Digital ad use continues to skyrocket with little oversight
Political advertising on the internet is an increasingly popular and powerful tool for candidates and political groups to spread their messages with little oversight.
Unlike traditional advertising mediums — TV, radio and print — online platforms like Facebook, Twitter and Google don’t follow Federal Election Commission regulations.
This has granted candidates, elected officials and political groups an enormous amount of access, said Kip Cassino, executive vice president of research at Borrell Associates, a media advertising research group.
“They are a perfect platform and have incredibly rich targeting,” Cassino said. “They make it so easy for a politician, or anyone else, to test an ad and run an ad. And the ads are relatively cheap.”
However, thanks to revelations surrounding Russian digital meddling during the 2016 elections, these sites, Facebook especially, have faced scrutiny for their lack of transparency and oversight.
Earlier in 2018, Facebook and Twitter started to offer more transparency on political ads used on their sites.
But analysts believe that there should be more, and it shouldn’t be left up to these platforms to self-regulate.
“There should be an independent process to see what is being done, how much was spent, what effect did it have, then they can set up the guidelines to prevent it from happening in the future,” Cassino said. “The FEC right now doesn’t have a good handle on it.”
Since 2014, there’s been a 2,539 percent growth in digital advertising, while other traditional methods have taken a dip.
Digital ads made up less than one percent of spending on political ads in 2014. During the 2018 midterms, spending on digital advertising is expected to skyrocket to 22 percent of overall political ad spending.
Political advertising online will not slow down anytime soon, Cassino said.
“I think you’ll see an excess use of digital political advertising from here till 2020,” Cassino said. “And I don’t think you’re going to see very much of a let up until then.”
While this is still the “wild west” of political advertising, Facebook and Twitter recently announced new “transparency tools” aimed at addressing the concerns surrounding political ads.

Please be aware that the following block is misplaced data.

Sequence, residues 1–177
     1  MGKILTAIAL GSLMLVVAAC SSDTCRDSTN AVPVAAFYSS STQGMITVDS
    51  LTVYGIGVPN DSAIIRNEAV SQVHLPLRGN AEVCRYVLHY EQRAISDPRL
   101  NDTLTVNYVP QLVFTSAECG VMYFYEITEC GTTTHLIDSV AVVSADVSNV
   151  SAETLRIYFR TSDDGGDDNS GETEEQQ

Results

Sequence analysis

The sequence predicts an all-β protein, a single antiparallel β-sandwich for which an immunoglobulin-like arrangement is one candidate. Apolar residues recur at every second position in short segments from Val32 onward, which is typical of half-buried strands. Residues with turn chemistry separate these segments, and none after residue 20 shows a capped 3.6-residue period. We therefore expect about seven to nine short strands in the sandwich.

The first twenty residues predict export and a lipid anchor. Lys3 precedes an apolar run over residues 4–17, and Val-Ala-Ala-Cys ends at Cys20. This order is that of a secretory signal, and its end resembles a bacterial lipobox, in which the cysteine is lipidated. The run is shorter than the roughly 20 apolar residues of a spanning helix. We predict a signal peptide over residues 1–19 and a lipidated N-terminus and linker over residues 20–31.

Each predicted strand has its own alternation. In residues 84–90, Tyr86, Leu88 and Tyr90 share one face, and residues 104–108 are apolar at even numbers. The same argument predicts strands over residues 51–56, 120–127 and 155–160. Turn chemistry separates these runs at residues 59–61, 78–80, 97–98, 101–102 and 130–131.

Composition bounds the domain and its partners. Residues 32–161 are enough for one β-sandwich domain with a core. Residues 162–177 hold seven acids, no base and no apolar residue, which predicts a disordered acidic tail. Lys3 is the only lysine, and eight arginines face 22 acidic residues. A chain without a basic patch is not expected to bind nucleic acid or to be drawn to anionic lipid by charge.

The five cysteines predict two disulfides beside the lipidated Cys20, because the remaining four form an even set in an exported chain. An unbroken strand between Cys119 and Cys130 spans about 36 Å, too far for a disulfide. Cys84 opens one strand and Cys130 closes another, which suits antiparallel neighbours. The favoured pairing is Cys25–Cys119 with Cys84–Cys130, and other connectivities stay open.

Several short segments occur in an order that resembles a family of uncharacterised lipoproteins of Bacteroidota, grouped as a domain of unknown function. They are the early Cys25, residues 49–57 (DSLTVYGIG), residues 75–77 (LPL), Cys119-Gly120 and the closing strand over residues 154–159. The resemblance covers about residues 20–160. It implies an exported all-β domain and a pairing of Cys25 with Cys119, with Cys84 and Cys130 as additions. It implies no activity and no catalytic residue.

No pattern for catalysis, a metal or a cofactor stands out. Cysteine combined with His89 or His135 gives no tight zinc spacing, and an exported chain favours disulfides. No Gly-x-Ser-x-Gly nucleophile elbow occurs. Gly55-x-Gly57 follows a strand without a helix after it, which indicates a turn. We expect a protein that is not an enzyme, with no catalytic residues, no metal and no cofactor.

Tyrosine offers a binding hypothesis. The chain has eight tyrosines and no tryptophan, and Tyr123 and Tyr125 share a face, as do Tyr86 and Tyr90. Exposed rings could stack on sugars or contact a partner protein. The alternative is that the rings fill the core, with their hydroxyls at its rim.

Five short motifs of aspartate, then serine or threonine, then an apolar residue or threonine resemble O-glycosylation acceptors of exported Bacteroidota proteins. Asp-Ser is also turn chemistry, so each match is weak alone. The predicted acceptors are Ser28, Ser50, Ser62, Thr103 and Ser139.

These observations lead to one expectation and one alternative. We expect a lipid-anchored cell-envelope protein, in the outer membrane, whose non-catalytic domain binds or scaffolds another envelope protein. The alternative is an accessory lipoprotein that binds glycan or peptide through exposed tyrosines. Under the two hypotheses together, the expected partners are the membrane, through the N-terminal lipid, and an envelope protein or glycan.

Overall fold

On Facebook, for any advertisement, political or otherwise, there’s a new “Info and Ads” tab on any Facebook page that allows users to see what ads that account is currently running on Facebook, Messenger and Instagram.
For political and issue advertisements, a new database is available where Facebook aggregates all of its political ads with the option to search by issue, candidate name, political party, etc. For each ad, users can find out who paid for it, how much it costs, how many impressions it received and a breakdown by age, gender and location of who has viewed the ad.
Twitter now offers similar features. Through the Ad Transparency Center on the platform, users can search for an account to see its promoted tweets and ads, however, only the last seven days worth of these tweets are available. Twitter doesn’t provide information on the organization that bought the ad, how much was spent on the ad and whom the ad targets.
For political advertising, Twitter requires these advertisers to be registered with the FEC and provide an FEC ID before purchasing ads. The platform does not make this information public. Users can see the identity of the organization funding the campaign, the amount spent to promote the ad and the targeted user demographics.
Cassino said he’d like to know more about how much money is being spent on these ads, and who the funders are.
“These platforms have the capability to be completely reporting it, and the reason they aren’t now is because they don’t have to,” Cassino said. “They’re not going to do anything for free unless they have to, and it is to their advantage to not tell people what they are doing.”
If every part of digital political advertising was being reported, Cassino said people would be amazed at the efforts behind it.
Bret Schafer, a social media analyst for the Alliance for Securing Democracy, said at some point, he expects digital advertising to eventually be regulated like TV and radio political advertisements.
“It’s basically been this loophole for the last 20 years that have allowed political ads to exist in a wild west that they could not on any other medium,” Schafer said.
As far as disinformation goes, Schafer said political advertising is only a small part of the problem.
Disinformation is spread more through organic content, which is the creation of fake accounts that post and spread high volumes of damaging messages.
While fake accounts are the larger problem, regulating political ads is an easy place to start, Schafer said.
“The onus is on these platforms to create systems that are able to flag that coordinated, inauthentic behavior,” Cassino said. “Two years ago, it was just way too easy to create completely fictitious accounts and automated accounts. It is getting progressively more challenging.”
The post Digital ad use continues to skyrocket with little oversight appeared first on OpenSecrets News.